Here’s a fun start to a new creative year: an American art conservator has alleged that one of the 20th century’s most influential and adored artists, Jean-Michel Basquiat, filled his canvases with secret drawings.
Emily Macdonald-Korth claims that during what Artnet describes as a “routine forensic job” back in December 2018, she came across the hidden images in a 1981 painting by the artist.
When Emily hovered over the painting with a handheld UV torch — a tool that she usually deploys in such jobs to look for signs that the artwork in review has undergone repair work — she unearthed a pair of hitherto unseen arrows “drawn in what looked like black-light crayon,” which are, Artnet reports, “virtually identical to other arrows drawn visibly on the canvas with red and black oil sticks.” Talking to Artnet, Emily says, “He [Basquiat] must have been playing with a UV flashlight and thought, ‘this is cool.’ It really relates to his use of erasure.”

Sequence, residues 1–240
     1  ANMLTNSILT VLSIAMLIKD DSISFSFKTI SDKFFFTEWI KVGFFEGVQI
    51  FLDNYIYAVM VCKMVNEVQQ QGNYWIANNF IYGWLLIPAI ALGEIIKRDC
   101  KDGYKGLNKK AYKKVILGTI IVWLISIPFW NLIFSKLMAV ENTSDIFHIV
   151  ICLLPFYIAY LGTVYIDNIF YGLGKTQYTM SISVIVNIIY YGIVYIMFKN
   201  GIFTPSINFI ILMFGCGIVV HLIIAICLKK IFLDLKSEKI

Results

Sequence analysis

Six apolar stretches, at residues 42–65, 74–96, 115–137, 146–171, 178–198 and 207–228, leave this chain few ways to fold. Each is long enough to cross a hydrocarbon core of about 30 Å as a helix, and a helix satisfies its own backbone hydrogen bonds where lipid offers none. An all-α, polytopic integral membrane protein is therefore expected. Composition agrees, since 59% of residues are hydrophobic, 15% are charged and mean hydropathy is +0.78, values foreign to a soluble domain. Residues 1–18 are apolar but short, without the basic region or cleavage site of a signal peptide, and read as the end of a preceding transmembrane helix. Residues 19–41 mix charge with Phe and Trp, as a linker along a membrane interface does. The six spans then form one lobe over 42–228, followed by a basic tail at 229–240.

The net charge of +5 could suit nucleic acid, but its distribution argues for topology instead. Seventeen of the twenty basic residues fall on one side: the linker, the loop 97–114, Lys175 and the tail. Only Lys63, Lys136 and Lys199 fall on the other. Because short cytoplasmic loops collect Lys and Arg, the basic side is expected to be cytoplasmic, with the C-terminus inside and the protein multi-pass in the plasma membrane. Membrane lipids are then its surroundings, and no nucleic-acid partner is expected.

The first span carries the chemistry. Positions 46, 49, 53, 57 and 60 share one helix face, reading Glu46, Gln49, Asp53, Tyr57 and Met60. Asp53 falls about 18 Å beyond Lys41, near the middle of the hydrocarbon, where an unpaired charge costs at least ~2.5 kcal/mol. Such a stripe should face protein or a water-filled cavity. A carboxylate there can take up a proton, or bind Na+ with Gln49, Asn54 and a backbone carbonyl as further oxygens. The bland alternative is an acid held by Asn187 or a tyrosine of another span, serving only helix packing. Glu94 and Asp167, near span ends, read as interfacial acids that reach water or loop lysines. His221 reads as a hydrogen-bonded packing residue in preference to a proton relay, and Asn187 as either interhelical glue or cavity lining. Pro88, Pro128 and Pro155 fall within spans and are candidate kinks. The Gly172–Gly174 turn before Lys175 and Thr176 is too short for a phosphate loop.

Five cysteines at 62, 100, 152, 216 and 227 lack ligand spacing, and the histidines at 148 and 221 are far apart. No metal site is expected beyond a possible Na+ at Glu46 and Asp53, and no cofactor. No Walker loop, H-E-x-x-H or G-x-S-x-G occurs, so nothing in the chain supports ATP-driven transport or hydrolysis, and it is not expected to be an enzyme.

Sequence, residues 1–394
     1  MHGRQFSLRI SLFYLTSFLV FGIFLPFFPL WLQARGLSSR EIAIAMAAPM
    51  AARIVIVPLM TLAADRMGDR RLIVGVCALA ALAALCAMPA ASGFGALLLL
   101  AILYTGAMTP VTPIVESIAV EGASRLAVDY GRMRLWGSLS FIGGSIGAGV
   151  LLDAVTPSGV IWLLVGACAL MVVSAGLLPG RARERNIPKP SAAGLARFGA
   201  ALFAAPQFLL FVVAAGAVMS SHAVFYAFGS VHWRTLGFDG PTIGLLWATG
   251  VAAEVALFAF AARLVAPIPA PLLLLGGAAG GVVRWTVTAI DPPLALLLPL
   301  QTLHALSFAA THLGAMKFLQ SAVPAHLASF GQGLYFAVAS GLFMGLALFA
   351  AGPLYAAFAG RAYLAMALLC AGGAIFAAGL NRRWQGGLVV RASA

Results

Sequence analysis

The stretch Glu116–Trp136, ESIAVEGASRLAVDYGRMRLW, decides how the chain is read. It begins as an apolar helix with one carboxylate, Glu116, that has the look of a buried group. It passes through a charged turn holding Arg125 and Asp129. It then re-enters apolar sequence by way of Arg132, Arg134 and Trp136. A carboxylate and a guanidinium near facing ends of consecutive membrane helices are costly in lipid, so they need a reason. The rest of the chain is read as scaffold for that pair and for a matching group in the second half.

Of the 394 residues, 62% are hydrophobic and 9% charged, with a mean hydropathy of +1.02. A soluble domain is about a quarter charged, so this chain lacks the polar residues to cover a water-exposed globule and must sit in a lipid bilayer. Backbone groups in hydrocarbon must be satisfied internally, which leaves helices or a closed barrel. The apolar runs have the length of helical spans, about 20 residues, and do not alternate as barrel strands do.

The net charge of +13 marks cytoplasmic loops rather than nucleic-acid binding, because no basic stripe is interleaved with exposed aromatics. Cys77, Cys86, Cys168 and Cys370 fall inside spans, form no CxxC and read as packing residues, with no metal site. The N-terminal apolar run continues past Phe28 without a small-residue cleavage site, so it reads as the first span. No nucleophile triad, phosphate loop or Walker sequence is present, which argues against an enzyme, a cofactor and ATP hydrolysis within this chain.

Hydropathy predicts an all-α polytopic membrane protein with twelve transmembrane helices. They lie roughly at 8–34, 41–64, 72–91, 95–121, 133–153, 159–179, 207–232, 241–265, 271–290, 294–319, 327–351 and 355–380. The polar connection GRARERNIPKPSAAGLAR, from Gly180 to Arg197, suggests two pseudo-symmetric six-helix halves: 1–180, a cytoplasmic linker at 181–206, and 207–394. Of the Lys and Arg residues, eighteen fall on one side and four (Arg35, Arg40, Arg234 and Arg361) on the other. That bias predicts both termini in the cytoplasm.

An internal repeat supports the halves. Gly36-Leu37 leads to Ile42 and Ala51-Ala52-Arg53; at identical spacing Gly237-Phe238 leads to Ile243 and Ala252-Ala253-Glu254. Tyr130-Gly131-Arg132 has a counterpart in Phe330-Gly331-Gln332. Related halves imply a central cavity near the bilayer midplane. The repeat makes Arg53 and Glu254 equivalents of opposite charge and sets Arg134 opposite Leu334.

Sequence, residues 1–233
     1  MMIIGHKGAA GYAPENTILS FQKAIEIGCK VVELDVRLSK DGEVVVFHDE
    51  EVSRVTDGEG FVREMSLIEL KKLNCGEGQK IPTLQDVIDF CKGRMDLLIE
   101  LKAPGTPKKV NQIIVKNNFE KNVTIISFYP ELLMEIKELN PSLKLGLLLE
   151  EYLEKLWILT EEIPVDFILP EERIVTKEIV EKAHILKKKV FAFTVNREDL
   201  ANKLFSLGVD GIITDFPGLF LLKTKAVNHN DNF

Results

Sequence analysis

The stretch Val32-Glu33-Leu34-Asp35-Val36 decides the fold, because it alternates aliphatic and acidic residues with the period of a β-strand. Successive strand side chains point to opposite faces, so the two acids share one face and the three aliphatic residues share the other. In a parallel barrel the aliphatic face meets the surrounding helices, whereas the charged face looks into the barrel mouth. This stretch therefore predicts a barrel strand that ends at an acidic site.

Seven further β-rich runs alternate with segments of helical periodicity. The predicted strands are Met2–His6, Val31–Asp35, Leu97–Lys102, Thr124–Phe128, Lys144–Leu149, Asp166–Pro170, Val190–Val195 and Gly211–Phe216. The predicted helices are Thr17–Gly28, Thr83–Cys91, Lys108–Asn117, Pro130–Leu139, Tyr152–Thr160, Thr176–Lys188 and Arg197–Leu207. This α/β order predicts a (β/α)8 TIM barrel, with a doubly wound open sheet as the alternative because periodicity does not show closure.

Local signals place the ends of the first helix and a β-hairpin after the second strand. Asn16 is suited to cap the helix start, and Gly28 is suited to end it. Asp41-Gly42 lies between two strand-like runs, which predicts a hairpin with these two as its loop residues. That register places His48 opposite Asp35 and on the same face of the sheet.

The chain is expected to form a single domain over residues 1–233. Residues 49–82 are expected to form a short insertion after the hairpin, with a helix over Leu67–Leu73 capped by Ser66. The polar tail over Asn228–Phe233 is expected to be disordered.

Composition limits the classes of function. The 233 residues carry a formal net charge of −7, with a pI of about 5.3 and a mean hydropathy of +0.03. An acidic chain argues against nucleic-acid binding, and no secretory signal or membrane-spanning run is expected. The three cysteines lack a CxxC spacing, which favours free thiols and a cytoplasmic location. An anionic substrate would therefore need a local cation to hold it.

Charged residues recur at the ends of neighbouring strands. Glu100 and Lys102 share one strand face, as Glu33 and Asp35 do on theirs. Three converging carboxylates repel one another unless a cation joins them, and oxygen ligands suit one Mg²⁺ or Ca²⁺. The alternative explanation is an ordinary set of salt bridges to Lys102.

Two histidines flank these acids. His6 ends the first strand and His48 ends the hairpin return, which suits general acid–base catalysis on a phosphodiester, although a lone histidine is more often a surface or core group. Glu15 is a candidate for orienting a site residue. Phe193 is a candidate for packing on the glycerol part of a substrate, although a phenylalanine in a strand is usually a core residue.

The discovery isn’t the first time that Basquiat’s been revealed to have planted under-the-surface imagery into one of his typically bold pieces of work. Orange Sports Figure, from 1982, was also shown to be daubed in dashes of invisible ink. In that instance, a team at Sotheby’s found Basquiat’s signature nestled in the bottom right corner of the painting.
If you happen to be lucky enough to own a Basquiat — and hey, who doesn’t have one of the downtown giant’s paintings Blu Tack’ed to the living room wall — Emily has some advice: hop over to Amazon and pick up a long-wave UV flashlight, wave it over your artwork and look out for a (potential) invisibly inked surprise.
It’s Nice That (obviously) cannot guarantee that Basquiat did this with every painting of course, so don’t blame us if you’re left a little disappointed.